I was all dressed up to take her back out walking, but this time I had a towel and a flashlight in case she accidentally popped a puppy out on to the snow.  But as I was walking to the door of the room, I heard the distinct sound of a puppy squeak!  I threw down my stuff and tore off my outdoor gear.  She had made quick work of things because I could see where her water had broken while waiting for me at the door, but she was in the box with her first puppy.

Sue and her first puppy around 9:30 PM Monday

Sue and her first puppy around 9:30 PM Tuesday

Having given birth naturally to three children under the care and observation of a nurse midwife very much influences my practice as a puppy whelper.  I totally see myself in the role of the midwife: checking on the mother regularly, but assuming that our bodies know what to do and that mother nature will make things happen properly.  So I give my females plenty of space to do their work bringing life into the world.  I checked back with Sue around 11 PM and puppy number two had arrived.

Sue and two puppies around 11 PM Monday

Sue and two puppies around 11 PM Tuesday

I went and grabbed a couple more hours of shut eye, but Sue was hard at work between 11 PM Tuesday and 1:30 AM Wednesday, as by my check-in she was up to 6 puppies.

Sue with 6 puppies at 1:30 AM Tuesday (there is one under her front leg).

Sue with 6 puppies at 1:30 AM Wednesday (there is one under her front leg).

By the time I was up again at 4:30 AM, two more puppies had arrived on the scene, for a total of 8.  I was able to get Sue up to go outside to go potty and I checked her stomach and thought she was done.  I also went about cleaning out the whelping box and freshening up the chips, assuming everyone had arrived.

Sue and the 8 puppies at 4:30 AM on Wednesday

Sue and the 8 puppies at 4:30 AM on Wednesday

I had an obligation Wednesday morning that I went ahead and attended to, as all of the puppies appeared healthy and Sue had everything under control.  When I went to check in at noon, I knew from past experience that I had better re-count the puppies.  Sure enough, a ninth one had arrived.  It was limp and cold, when I picked it up at first, I thought it was stillborn.  But it was alive, just barely.  It had a small, triangular head and was just odd looking, almost like a mole.  So, I called him “Mole”.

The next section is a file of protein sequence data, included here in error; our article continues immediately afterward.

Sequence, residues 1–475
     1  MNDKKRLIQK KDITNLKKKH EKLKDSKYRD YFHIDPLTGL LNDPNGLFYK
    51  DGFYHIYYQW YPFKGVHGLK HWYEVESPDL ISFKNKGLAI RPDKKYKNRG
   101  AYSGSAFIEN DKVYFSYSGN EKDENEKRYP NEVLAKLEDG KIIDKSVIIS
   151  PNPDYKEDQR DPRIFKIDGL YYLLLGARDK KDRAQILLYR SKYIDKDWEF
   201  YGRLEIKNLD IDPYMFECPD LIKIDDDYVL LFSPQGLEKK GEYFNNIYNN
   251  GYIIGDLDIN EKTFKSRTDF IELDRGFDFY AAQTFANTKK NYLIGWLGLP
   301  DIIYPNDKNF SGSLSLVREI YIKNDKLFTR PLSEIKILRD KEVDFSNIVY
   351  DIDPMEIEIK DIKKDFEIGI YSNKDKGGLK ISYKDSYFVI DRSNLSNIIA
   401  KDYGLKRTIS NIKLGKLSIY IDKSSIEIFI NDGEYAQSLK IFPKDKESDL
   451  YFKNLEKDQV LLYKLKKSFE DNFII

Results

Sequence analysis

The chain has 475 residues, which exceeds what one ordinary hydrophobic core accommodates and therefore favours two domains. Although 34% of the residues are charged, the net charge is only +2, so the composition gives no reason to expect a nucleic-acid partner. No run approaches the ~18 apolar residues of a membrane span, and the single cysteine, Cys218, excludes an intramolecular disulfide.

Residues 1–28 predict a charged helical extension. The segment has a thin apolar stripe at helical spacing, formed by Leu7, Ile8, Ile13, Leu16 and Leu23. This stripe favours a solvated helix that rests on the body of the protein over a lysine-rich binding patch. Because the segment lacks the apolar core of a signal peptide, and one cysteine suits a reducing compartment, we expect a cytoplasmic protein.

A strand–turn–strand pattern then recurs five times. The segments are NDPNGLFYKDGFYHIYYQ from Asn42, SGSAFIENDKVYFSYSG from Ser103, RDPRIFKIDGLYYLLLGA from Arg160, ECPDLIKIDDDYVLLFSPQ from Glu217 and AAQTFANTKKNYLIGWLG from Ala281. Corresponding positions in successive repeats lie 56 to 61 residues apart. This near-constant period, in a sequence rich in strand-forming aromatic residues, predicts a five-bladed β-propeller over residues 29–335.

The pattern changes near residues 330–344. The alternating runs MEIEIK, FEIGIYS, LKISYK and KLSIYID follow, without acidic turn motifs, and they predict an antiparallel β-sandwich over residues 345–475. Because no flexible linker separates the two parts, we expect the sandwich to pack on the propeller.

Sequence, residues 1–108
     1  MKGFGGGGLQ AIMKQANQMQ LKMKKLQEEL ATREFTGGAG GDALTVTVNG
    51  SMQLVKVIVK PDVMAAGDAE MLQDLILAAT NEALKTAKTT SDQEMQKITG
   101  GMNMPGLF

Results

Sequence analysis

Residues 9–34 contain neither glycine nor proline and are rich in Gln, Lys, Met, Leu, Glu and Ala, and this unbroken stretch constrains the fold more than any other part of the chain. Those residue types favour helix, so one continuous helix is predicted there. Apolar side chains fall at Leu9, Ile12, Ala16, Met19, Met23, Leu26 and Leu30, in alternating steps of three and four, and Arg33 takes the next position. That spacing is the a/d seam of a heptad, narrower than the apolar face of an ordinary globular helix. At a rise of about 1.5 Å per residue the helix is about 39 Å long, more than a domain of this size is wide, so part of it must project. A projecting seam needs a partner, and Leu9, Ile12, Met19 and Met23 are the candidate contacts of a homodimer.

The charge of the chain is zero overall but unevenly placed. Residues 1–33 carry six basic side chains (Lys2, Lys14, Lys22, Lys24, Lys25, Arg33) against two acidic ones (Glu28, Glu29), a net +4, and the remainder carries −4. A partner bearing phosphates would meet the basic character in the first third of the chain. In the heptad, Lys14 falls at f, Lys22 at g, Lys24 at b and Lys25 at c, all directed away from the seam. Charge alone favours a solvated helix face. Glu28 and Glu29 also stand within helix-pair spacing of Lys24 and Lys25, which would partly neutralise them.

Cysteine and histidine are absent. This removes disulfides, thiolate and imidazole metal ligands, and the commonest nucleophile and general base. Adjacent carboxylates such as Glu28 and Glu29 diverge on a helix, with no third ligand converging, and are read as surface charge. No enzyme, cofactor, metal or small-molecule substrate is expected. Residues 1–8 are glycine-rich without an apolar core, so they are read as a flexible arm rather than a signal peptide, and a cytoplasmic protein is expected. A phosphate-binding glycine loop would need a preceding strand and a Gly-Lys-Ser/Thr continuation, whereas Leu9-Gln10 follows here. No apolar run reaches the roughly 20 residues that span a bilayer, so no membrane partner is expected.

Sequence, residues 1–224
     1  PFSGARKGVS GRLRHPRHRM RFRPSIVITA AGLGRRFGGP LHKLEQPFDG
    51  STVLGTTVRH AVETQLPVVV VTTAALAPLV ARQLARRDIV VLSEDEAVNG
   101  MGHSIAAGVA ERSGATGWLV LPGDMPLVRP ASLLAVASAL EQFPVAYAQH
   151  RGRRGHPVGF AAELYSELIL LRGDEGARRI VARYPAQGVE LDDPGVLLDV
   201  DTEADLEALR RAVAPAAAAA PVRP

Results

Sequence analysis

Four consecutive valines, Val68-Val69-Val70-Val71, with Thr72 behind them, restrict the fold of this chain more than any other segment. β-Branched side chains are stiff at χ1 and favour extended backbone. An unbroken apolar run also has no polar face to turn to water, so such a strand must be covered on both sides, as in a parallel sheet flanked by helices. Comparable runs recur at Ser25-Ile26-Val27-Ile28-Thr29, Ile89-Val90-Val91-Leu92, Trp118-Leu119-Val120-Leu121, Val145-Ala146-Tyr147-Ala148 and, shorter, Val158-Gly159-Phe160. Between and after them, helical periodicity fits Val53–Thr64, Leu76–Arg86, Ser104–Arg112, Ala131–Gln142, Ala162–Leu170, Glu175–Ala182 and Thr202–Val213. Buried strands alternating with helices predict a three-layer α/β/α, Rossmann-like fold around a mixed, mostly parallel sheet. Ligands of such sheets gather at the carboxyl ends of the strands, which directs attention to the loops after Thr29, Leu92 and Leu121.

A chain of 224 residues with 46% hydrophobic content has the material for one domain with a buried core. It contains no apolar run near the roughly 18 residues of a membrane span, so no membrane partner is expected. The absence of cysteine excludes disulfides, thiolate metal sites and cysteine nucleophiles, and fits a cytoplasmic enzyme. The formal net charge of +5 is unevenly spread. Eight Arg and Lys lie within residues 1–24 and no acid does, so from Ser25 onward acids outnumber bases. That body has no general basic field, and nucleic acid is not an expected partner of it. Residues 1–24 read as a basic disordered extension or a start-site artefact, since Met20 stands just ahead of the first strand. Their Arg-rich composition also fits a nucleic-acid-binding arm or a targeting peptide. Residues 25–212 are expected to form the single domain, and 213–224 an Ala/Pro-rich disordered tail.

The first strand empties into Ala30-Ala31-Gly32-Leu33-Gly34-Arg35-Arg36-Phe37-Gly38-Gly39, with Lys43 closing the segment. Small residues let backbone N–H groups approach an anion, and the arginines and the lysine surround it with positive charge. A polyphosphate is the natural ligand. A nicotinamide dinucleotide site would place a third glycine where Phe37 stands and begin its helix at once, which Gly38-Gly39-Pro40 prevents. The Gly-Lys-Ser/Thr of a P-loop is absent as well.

Sue and 9 pups at noon on Wednesday.  "Mole" is on the far left, turned away from the teats.

Sue and 9 pups at noon on Wednesday. “Mole” is on the far left, turned away from the teats.

From my first discovery of Mole, I tried to bring him around.  He was too weak to get to the teat and I had to force his mouth open to even take a bottle.  No matter how hard I tried he would never get warm, even if I sat right in front of the fireplace and rubbed him as much as I could.  Every time I went to the box, he was pushed over into a corner, cold and alone.  I really knew something was off when I finally did get him on the teat, as he was strong enough to suckle, Sue pushed him and my hand away.

I had made the appointment to get the pups tails docked and dew claws removed at the vet’s office on Thursday morning at 10:30 AM.  Before we made the transition out into the big world, we did a small one into the living room, just as something in the interim.  Plus a warm fire is always nice.

Puppies enjoying time by the fire before the vet's office.

Puppies enjoying time by the fire before the vet’s office.

9 puppies sleeping, "Mole" is on the left

9 puppies sleeping, 1 day old, “Mole” is at the top

I really adore my veterinarians, Drs. Andrew and Susan Kliewer of Heartland Animal Hospital.  Of course it is cool to work with another husband and wife team, but the best part is that I just feel like we share the same philosophy when it comes to animals and we really “get” each other.  So I showed Susan “Mole”, I talked about what had been going on, my concerns and interventions.  She told me that she had a friend who had recently nursed a pup like “Mole” back to (what was thought to be) health, only to have it get kidney failure at 6 months old.  The persistent coldness showed that he had poor circulation, he had a strangely shaped palate, an improperly shaped skull…there were just too many problems to overcome.  So we elected to humanely euthanize him.  I really appreciate all the support from my dog friends on Facebook when that happened, it helped me feel better.  I knew it was the right thing for the puppy and for the breed and for myself (I was spending the majority of my time, including getting up a night, fussing over him), but it was still sad.